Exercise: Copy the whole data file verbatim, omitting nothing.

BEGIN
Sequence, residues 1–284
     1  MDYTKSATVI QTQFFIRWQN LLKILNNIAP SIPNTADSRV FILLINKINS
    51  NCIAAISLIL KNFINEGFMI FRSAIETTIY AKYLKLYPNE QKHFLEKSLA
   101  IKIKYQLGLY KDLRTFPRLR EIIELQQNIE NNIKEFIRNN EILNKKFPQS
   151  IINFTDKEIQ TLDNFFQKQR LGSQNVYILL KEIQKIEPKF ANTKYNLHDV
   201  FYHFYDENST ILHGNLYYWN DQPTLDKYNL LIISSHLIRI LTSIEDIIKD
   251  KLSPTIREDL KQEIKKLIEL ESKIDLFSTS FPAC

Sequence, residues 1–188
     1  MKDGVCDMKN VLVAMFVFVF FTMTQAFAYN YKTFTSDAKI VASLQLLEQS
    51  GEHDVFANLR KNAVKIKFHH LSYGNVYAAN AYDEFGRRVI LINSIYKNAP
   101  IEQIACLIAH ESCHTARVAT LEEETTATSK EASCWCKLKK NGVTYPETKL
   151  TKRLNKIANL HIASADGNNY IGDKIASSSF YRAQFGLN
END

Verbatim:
Sequence, residues 1–284
     1  MDYTKSATVI QTQFFIRWQN LLKILNNIAP SIPNTADSRV FILLINKINS
    51  NCIAAISLIL KNFINEGFMI FRSAIETTIY AKYLKLYPNE QKHFLEKSLA
   101  IKIKYQLGLY KDLRTFPRLR EIIELQQNIE NNIKEFIRNN EILNKKFPQS
   151  IINFTDKEIQ TLDNFFQKQR LGSQNVYILL KEIQKIEPKF ANTKYNLHDV
   201  FYHFYDENST ILHGNLYYWN DQPTLDKYNL LIISSHLIRI LTSIEDIIKD
   251  KLSPTIREDL KQEIKKLIEL ESKIDLFSTS FPAC

Sequence, residues 1–188
     1  MKDGVCDMKN VLVAMFVFVF FTMTQAFAYN YKTFTSDAKI VASLQLLEQS
    51  GEHDVFANLR KNAVKIKFHH LSYGNVYAAN AYDEFGRRVI LINSIYKNAP
   101  IEQIACLIAH ESCHTARVAT LEEETTATSK EASCWCKLKK NGVTYPETKL
   151  TKRLNKIANL HIASADGNNY IGDKIASSSF YRAQFGLN